Drowning is among the leading cause of accidental death in the UK, with around 400 accidents each year – many of these being young children and teenagers. The conditions of water sites change constantly, and people often get put into unwanted circumstances due to uncontrollable situations, such as waves and tides that drag people out to deeper depths.

Always follow The Water Safety Code:

3. Garden parties and barbecues

We all love a barbecue or garden party with our friends and family, but every year they are responsible for numerous counts of serious property damage and injury. It should be a safe and fun experience, but people can become easily distracted or drink a bit too much alcohol, both of which increases the risk of danger significantly.

Follow these simple precautions to ensure you and your loved ones safety:

  • Check your barbecue each time before use to check it is in working order
  • Do not leave the barbecue unattended
  • Only use propane and charcoal grills outdoors in open air
  • Make sure the barbecue is set up away from the home, trees and shed
  • Keep children, pets, garden games and drunk individuals away from the cooking area
  • Keep a large bucket of water or sand nearby in case of emergencies
  • Make sure the barbecue is cool before attempting to move it, clean it or dispose of it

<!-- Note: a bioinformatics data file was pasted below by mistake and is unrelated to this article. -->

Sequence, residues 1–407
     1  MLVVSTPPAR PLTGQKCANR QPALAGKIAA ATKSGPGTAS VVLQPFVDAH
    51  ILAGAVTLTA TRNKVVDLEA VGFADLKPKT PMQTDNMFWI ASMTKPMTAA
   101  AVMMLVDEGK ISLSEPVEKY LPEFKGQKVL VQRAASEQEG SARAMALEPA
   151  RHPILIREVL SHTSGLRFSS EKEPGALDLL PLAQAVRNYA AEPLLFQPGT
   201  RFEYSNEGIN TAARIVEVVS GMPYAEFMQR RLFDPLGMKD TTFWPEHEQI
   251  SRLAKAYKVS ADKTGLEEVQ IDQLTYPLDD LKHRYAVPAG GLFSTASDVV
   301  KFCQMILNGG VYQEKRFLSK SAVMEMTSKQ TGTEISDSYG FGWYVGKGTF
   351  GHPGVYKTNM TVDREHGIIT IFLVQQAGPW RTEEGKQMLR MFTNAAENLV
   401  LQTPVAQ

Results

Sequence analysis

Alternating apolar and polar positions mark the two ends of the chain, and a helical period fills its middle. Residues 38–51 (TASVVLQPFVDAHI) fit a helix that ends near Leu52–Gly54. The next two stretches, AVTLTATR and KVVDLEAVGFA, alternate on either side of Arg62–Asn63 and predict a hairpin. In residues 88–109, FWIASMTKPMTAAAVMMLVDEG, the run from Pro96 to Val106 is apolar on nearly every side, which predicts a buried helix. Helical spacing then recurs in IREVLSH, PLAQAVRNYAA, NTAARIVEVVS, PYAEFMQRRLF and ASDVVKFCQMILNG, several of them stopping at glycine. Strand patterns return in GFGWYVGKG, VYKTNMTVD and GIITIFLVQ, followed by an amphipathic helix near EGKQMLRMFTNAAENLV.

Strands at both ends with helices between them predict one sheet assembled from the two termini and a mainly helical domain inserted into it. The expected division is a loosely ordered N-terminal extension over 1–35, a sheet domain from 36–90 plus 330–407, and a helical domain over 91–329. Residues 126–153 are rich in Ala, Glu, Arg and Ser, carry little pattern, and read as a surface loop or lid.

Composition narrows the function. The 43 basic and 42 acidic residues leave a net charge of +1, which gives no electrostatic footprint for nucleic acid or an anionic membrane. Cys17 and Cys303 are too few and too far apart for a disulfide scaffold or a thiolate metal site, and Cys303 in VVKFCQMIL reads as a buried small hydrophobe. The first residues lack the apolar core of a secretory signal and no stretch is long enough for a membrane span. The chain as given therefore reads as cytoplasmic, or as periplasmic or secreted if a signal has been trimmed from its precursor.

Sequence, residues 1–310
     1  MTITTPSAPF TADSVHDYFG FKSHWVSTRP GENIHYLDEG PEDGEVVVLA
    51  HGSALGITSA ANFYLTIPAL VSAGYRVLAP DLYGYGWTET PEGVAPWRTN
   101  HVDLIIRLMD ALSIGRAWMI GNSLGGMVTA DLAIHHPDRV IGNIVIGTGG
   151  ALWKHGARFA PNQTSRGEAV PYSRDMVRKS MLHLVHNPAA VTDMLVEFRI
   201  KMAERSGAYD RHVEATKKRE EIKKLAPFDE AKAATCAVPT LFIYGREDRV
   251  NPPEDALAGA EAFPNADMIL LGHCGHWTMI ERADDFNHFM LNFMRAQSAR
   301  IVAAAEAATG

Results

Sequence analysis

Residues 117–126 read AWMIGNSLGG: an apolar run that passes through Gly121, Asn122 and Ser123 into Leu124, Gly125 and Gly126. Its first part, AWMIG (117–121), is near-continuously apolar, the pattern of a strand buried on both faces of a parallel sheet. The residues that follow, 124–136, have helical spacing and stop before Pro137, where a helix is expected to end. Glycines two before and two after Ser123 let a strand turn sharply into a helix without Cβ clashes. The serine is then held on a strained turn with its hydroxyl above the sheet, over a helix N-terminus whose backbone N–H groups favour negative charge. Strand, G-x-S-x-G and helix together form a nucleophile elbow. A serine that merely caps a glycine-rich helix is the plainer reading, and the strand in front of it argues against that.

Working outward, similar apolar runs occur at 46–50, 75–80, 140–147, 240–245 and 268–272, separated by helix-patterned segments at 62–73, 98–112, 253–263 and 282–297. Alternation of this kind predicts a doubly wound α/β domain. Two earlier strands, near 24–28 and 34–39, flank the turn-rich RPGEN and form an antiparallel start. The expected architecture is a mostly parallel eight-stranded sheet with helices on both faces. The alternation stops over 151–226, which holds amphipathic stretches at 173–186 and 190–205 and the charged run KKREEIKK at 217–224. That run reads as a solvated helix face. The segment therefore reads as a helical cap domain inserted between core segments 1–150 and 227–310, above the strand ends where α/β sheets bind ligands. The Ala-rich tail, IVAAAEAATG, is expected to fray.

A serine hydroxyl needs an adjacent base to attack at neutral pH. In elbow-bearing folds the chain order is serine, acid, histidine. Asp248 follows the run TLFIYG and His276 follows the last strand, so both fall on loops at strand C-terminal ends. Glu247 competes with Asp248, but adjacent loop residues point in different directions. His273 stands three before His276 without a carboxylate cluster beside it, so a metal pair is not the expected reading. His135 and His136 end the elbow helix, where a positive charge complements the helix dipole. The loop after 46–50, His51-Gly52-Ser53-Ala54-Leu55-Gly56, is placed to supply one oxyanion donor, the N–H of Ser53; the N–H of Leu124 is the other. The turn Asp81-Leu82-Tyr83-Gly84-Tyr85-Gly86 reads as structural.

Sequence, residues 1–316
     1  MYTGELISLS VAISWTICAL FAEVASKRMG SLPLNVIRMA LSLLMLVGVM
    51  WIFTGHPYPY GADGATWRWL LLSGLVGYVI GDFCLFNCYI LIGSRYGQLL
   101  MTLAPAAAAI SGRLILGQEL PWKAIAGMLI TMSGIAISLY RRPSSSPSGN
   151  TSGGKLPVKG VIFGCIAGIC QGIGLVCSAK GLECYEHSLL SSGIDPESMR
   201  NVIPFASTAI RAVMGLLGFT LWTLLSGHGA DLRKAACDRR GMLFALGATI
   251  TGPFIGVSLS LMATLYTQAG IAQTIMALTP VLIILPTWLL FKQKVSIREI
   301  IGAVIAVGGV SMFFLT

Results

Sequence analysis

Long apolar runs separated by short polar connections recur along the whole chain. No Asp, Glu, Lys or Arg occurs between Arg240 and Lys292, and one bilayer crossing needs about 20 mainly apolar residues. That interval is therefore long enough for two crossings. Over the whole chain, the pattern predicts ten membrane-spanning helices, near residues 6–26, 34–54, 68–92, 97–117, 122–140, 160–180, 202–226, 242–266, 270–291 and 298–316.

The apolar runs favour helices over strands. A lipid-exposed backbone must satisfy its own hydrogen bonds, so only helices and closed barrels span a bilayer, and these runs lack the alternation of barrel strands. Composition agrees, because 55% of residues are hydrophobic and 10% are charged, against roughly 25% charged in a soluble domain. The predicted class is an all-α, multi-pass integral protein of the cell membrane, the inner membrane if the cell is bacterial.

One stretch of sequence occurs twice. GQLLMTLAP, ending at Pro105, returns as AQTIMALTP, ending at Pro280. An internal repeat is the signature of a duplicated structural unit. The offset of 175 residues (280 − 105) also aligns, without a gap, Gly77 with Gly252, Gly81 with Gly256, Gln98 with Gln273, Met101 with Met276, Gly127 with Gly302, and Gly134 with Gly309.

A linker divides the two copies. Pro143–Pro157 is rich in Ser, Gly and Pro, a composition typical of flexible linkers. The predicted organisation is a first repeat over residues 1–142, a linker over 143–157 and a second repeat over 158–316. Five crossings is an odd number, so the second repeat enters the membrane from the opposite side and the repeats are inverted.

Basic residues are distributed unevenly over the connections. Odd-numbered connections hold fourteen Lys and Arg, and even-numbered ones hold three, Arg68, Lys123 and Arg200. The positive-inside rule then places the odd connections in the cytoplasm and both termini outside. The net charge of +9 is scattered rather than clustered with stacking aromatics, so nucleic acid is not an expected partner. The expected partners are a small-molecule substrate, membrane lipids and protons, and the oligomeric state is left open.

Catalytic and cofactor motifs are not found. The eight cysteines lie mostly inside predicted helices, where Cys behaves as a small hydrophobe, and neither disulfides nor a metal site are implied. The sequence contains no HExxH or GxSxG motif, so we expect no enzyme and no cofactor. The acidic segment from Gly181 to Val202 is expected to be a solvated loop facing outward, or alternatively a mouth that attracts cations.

• Never put hot ashes straight into a dustbin – they can melt the plastic and cause a fire
  • If you have a gas barbecue, make sure the tap is turned off before changing the cylinder.

4. Stings and bug bites

Spending more time outside in the warmer weather means you are going to come into contact with more bugs. Unfortunately, some bugs do sting or bite, and some of us more than others – but the good news is you can reduce the likelihood of this occurring.

  • Spray yourself and your children with insect repellent – although this doesn’t kill the insects, it reduces ticks, fleas, mosquitoes and other pests from biting.
  • Avoid sitting on the grass or shrubby areas, instead sit on a blanket or chair
  • Do not walk through long grass or plants with bare legs or feet
  • Don’t leave sweet drinks or food exposed outside, as this can attract all sorts of flies, bees and wasps